Dr. Winters most often prescribes cellular- or tissue-based products on diabetic foot and venous leg ulcers, but has also used the modalities on dehisced surgical wounds and pressure ulcers.
More important than classifying the wound type, notes Dr. Kim, is addressing the underlying cause rather than fixating on which product to choose.
Which cellular- or tissue-based products have you found effective?
In his experience, Dr. Winters has found the most effective cellular- or tissue-based products to be Apligraf (Organogenesis), TheraSkin (Soluble Systems), Omega3 (Kerecis), PriMatrix (Integra LifeSciences) and Stravix (Osiris Therapeutics).
Dr. Suzuki notes has used various cellular- or tissue-based products on the market, and finds them all very effective in closing the chronic wounds that were previously considered to be challenging to close with conventional therapies.
“In general, I do believe ‘you get what you pay for’ may apply,” says Dr. Suzuki.
Anecdotally, Dr. Suzuki notes that more expensive grafts (such as human tissue-based amniotic membrane grafts) tend to work better and possibly faster in wound closure than less expensive grafts (such as animal-based collagen grafts). In reality, he notes the reimbursement scheme for skin substitute grafts is complex and he has his own method to pick and choose the most appropriate product based on the patient’s own insurance coverage and co-pay limitations.
Dr. Suzuki notes a few studies have compared tissue-based skin substitute grafts but all of the studies were retrospective and the results have been conflicting with one study claiming superiority of one modality over the other, and vice versa.2 Dr. Suzuki feels the best study design would be a “head-to-head” prospective randomized controlled trial comparing one product to the other but he says it may never be conducted as it would be very expensive to do.
“Frankly, I don’t see much point in conducting such a study as all of these tissue-based skin substitute grafts are equally efficacious in closing the wounds over the conventional wound care methods (debridement and moist wound dressing),” notes Dr. Suzuki.
Dr. Steinberg notes there is very little comparative data between the cellular- or tissue-based products, and many of them have similar components. He cites good clinical outcomes and experience with Integra (Integra LifeSciences) and Grafix (Osiris Therapeutics) in his patient population, but says each provider should evaluate the products that best serve the patient’s needs.
Dr. Suzuki says the challenge may be to convince enough wound care clinicians to buy into the idea of using tissue-based grafts. He says another issue is the proper selection and timing of using these advanced modalities, knowing when to mix and match these tissue-based skin substitute grafts with hyperbaric oxygen therapy (HBOT) in comparison to negative pressure wound therapy (NPWT).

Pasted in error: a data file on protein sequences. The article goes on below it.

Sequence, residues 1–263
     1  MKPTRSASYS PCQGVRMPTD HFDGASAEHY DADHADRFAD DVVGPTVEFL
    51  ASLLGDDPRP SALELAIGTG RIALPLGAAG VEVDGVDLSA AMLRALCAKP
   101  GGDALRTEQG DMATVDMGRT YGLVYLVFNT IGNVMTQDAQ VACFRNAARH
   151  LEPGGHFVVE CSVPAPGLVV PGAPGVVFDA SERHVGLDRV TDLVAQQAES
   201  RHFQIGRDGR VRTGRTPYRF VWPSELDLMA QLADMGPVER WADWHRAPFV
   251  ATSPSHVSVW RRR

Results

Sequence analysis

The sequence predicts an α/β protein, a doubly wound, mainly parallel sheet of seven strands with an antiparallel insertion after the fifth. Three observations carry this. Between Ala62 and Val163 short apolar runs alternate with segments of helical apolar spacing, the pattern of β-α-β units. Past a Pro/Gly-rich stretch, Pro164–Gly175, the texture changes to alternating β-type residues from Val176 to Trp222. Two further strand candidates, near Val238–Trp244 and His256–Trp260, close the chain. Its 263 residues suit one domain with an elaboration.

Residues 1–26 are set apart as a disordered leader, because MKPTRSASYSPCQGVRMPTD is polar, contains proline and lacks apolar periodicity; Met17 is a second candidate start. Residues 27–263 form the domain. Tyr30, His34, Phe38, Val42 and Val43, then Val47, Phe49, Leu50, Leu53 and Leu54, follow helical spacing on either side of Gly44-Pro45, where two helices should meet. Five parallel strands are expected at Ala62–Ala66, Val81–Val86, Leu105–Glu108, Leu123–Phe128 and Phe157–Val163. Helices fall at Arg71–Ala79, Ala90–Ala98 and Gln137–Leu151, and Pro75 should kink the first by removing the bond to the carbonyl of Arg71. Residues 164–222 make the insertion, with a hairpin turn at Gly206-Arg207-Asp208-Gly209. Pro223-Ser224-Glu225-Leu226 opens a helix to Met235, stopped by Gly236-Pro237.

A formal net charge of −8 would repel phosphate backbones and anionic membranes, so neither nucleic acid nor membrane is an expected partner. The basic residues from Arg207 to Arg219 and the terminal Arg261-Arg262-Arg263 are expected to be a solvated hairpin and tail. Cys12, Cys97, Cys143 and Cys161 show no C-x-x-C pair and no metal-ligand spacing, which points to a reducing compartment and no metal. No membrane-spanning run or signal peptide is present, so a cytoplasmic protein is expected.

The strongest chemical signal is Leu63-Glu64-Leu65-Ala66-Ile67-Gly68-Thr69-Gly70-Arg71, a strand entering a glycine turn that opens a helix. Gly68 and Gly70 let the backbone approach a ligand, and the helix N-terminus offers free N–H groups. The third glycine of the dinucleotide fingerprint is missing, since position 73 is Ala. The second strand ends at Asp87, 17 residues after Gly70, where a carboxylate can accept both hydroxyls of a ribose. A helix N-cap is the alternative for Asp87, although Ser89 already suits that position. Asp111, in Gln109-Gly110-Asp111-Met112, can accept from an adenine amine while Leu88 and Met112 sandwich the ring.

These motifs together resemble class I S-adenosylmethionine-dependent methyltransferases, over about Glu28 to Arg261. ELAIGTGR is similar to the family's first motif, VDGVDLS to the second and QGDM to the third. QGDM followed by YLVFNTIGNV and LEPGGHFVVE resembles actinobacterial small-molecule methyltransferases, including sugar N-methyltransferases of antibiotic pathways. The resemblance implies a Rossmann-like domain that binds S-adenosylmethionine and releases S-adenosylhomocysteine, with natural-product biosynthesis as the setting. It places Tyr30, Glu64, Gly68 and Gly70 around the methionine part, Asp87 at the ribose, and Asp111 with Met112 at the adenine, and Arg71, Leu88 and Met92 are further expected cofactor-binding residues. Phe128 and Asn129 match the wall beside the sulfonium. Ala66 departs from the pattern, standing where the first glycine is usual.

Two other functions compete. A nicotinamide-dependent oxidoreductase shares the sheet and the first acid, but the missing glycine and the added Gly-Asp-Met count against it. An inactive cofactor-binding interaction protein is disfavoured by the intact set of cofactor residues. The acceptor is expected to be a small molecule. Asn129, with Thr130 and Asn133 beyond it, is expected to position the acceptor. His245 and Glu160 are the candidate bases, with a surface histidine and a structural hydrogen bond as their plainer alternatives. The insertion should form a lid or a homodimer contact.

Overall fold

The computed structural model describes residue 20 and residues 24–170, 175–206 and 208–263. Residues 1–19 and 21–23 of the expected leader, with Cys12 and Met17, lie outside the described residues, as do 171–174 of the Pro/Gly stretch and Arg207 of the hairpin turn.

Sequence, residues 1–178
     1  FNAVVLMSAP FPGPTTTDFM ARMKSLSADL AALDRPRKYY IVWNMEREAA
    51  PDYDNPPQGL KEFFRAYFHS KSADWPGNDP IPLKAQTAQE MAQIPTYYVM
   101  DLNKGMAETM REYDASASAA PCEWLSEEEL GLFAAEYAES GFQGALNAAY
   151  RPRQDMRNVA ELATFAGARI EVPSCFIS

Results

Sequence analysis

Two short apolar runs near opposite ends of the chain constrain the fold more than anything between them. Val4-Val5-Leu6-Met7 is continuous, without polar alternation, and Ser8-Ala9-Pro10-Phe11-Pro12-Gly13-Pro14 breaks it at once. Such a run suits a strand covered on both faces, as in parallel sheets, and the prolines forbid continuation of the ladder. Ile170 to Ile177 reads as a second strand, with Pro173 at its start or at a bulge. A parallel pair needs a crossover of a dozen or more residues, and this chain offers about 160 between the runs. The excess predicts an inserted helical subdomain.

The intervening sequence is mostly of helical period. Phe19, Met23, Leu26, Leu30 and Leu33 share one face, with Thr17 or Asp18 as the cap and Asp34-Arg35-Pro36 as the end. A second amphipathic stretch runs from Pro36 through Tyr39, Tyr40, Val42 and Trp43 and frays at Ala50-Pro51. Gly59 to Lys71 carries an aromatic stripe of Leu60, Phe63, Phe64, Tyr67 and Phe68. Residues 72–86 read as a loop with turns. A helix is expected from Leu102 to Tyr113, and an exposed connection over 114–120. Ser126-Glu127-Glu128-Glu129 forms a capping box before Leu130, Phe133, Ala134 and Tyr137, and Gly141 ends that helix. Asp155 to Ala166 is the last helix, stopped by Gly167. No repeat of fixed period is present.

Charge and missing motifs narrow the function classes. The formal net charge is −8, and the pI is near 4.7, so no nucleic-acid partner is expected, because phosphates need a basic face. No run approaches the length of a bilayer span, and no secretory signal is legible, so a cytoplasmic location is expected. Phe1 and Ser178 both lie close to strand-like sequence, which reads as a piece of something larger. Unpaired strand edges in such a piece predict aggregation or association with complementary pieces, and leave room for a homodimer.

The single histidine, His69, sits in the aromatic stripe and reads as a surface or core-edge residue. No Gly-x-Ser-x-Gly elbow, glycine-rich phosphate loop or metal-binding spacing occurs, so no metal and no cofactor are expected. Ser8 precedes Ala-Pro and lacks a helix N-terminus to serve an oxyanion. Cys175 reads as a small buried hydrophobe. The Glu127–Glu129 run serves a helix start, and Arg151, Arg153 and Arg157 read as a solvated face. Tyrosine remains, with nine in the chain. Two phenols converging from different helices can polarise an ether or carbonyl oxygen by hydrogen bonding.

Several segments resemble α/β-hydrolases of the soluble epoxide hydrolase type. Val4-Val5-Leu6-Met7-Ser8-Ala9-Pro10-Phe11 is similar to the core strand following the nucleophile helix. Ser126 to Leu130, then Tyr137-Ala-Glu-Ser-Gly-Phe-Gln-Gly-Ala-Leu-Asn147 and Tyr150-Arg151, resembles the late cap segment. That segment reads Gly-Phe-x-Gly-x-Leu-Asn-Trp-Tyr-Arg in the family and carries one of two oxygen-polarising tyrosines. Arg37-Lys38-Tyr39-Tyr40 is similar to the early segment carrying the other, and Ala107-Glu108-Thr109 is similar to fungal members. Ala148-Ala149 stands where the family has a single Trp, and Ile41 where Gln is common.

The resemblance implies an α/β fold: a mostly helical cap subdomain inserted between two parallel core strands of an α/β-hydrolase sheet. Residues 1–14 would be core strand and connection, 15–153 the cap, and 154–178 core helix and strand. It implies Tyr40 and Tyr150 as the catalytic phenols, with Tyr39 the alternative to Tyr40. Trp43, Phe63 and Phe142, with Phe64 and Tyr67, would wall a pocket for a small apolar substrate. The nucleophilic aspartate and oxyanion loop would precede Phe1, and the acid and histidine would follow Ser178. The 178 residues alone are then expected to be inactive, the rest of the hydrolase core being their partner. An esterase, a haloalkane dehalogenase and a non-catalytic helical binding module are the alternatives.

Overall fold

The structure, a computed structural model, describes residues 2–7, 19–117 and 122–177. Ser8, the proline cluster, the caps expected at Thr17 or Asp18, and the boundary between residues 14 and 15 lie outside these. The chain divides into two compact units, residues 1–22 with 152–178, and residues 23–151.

Dr. Kim emphasizes that clinicians should be judicious in their use of cellular- or tissue-based therapies “ … due to their added burden on healthcare resources.” He notes seeking high-level evidence from robust studies by reputable investigators is a good starting point in selecting the most appropriate product.
“We have to be smart consumers and attempt to make independent decisions on what is the best for our patients,” says Dr. Kim.
Dr. Kim is an Associate Professor at the Georgetown University School of Medicine. He is the Vice Chair of Research at MedStar Plastic and Reconstructive Surgery. Dr. Kim is a Fellow of the American College of Foot and Ankle Surgeons.
Dr. Lehrman is on the American Podiatric Medical Association (APMA) Coding Committee, serves as an expert panelist on Codingline.com and is a Fellow of the American Academy of Podiatric Practice Management (AAPPM). Follow him on Twitter @DrLehrman .
Dr. Steinberg is a Professor in the Department of Plastic Surgery at the MedStar Washington Hospital Center in Washington, DC. He is a Fellow and President-Elect of the American College of Foot and Ankle Surgeons.
Dr. Suzuki is the Medical Director of the Tower Wound Care Centers at the Cedars-Sinai Medical Towers. He is also on the medical staff of the Cedars-Sinai Medical Center in Los Angeles and is a Visiting Professor at the Tokyo Medical and Dental University in Tokyo. He can be reached at Kazu.Suzuki@cshs.org.
Dr. Winters is affiliated with the American Health Network in the Indianapolis area and many hospitals in Indiana. He is board-certified in wound care by the Council for Medical Education and Testing, and is board-certified in the prevention and treatment of diabetic foot wounds and footwear by the American Board of Multiple Specialties in Podiatry.
1. Sheehan P, Jones P, Caselli A, et al. Percent change in wound healing of diabetic foot ulcers over a four-week period is a robust predictor of complete healing in a 12-week prospective trial. Diabetes Care. 2003; 26(6):1879-82.
2. Suzuki K, Michael G, Tamire Y. Viable intact cryo-preserved human placental membrane for a non-surgical approach to closure in complex wounds. J Wound Care. 2016; 25(Suppl 10):S25–31.